Volume 5, Number 12, Summer 1976
As I discovered the following named books I immediately turned to my true source of information concerning "Ozark Books", to Vance Randolphs book, "Ozark Folklore, a Bibliography."
"The Pioneers Hoard, a Thrilling Romance of the Ozarks" by Scott Van Gordon. Vance said, "A novel about violence, murder, outlaws and regulators in Stone and Christian Counties in Missouri shortly after the Civil War. Dialect not too bad and several references to Folklore."
Theres an additional fifteen pages telling the story of the "audiphone", an instrument that enables deaf persons to hear ordinary conversation through the medium of the teeth, etc. Another five pages lists other books published by Rhodes and McClure Publishing Company. These include four concerning Dwight L. Moody all with full page engravings from Gustav Dore, four concerning Sam Jones and his gospel sermons. Others concern Bob Ingersoll and DeWitt Talmadge and "Wild Life in the Far West," by H. C. Simpson. Then theres the gold watch for $2.85. If money is sent with the order the purchaser gets chain and charm free. "Backwoods Teacher," by Joseph Nelson. "Nelson taught in a rural school near the Missouri border. It is a fine job. The author knows his stuff and has set down many amusing and revealing anecdotes. A required reading for every serious student."
"Ozark and Vicinity in the Nineteenth Century" by William Neville Collier. Mimeographed booklet about the town of Ozark, Missouri good stuff on local history and pioneer customs. (Ed. note, the entire booklet was published in the WRVHS Quarterly and can be purchased from the Secretary-Treasurer.
"Mother Goose in the Ozarks," collected by Ray Wood, illustrated by Ed Hargis. Cartoons and verses.
"The Bald Knobbers," Lucille Morris Upton, now in good paper back, price $3.50, hard back book $6.00.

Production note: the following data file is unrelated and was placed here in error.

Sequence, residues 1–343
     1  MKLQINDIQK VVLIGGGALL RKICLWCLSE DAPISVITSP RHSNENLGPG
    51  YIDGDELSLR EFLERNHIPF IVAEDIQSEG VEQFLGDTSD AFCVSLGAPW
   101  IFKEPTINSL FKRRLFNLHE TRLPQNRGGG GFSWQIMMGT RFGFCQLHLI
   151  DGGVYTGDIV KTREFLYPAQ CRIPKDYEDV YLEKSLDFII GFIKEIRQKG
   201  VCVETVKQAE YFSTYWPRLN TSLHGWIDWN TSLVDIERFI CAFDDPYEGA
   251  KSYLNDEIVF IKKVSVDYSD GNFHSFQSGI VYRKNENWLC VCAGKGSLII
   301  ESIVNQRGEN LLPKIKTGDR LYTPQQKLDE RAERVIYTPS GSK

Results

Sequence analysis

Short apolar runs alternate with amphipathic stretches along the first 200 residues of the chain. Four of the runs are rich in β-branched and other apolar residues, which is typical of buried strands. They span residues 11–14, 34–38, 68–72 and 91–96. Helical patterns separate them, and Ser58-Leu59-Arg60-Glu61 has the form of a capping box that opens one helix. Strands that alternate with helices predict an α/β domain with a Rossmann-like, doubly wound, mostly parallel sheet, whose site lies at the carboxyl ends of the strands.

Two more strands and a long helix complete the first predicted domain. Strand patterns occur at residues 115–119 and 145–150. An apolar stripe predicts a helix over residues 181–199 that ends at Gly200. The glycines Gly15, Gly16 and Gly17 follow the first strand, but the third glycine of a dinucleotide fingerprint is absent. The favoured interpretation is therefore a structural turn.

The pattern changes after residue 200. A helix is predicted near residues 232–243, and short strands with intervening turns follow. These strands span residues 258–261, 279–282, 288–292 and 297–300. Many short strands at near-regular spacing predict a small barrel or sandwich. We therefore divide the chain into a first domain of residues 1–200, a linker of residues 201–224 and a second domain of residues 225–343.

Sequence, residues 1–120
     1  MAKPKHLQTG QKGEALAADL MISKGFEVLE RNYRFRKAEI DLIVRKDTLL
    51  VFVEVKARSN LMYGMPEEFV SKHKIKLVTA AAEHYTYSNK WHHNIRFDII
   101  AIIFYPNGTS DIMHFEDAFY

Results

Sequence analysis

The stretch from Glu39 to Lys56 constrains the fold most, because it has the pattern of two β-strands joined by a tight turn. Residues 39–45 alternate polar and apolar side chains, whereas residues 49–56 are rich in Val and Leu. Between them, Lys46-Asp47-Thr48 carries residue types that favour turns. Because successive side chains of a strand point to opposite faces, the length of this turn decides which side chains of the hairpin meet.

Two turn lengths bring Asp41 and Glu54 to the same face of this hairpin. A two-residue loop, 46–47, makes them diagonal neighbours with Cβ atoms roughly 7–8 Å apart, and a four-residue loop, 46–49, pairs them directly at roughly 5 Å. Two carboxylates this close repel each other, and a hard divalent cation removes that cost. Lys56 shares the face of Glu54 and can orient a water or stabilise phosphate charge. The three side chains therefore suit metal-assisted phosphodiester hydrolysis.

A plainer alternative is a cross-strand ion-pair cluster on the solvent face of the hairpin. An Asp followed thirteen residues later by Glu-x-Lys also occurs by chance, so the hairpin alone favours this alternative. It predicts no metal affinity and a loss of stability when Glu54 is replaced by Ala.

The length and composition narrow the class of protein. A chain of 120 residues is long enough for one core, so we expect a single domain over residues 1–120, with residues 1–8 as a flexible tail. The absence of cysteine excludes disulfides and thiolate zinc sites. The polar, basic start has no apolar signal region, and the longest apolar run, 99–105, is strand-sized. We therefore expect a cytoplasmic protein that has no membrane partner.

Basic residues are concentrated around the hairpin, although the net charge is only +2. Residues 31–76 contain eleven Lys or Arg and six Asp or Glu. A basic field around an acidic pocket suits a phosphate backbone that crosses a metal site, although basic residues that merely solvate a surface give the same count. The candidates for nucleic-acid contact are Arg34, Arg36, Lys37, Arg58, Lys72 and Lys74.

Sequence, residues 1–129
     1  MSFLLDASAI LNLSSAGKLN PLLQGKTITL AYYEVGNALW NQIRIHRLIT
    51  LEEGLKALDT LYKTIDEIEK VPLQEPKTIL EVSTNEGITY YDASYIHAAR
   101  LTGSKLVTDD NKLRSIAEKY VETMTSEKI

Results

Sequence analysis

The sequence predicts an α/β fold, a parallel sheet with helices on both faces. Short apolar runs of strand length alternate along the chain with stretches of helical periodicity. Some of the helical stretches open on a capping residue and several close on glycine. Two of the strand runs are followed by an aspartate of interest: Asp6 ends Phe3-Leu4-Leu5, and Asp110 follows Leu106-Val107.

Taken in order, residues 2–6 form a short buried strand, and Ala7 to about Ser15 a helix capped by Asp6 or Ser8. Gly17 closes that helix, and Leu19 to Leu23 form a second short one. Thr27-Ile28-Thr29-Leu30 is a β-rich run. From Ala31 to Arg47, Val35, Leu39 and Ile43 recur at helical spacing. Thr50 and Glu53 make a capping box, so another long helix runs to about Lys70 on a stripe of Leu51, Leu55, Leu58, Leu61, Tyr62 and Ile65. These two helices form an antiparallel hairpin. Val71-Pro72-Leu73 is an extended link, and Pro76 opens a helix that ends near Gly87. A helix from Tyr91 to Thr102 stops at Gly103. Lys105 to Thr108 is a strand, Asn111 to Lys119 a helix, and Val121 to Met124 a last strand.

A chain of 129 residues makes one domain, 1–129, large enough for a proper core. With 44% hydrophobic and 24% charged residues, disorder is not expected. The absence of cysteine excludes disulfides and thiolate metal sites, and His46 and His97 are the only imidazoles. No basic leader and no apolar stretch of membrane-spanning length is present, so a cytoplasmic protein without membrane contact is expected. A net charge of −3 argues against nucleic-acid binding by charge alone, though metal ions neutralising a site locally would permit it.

"Through Missouri on a Mule," by Thomas W. Jackson, paper back, 96 pp, copyright 1904. Vance says, "See pages 76-77 for tale of old hunter whose shotgun burst. One barrel killed 500 ducks up the river, the other barrel killed 5000 geese down the river, the ramrod killed a rattle snake in front, the gun-stock knocked the hunter into the river and he came out with his boots full of fish."
"Back Yonder," an Ozark Chronicle by Wayman Hogue, "This is one of the best books ever written about the Ozark country. The finest piece of non-fiction ever written about the Arkansas Ozarks, but Houge was not much interested in folk songs."
"Pioneers of the Ozarks," by Lennis Broad-foot, with full-page pictures by the artist author. One is of the old hunter who spent the half of his life in caves, never found any treasure but knows tis there.
"A Daughter of the Ozarks," by Alanson Mason Haswell. "A story of the Bald Knobbers who harried the southern Missouri in the 1800s. Haswell was born in Burma, never visited the Ozarks until he was 21 years old."
"The Voice of Bugle Ann," by McKinlay Kantor. "A fine fox hunting story, note the distinction between dog and hound."
"The Camp Meeting Murders," by Vance Randolph and Nancy Clemens, "A mystery thriller with an Ozark background."
"Hillbilly Doctor," by Elizabeth Seifert. "A novel about a company doctor at a lumber camp in Missouri Ozarks. Note the tall tale of the owls. When the first steamship came whistling along, the birds turned their heads until they were twisted plumb off."
For real good reading and much information you might buy a copy of Vances "Ozark Folklore, a Bibliography," published by the University of Indiana. A tremendous book of 572 pages.
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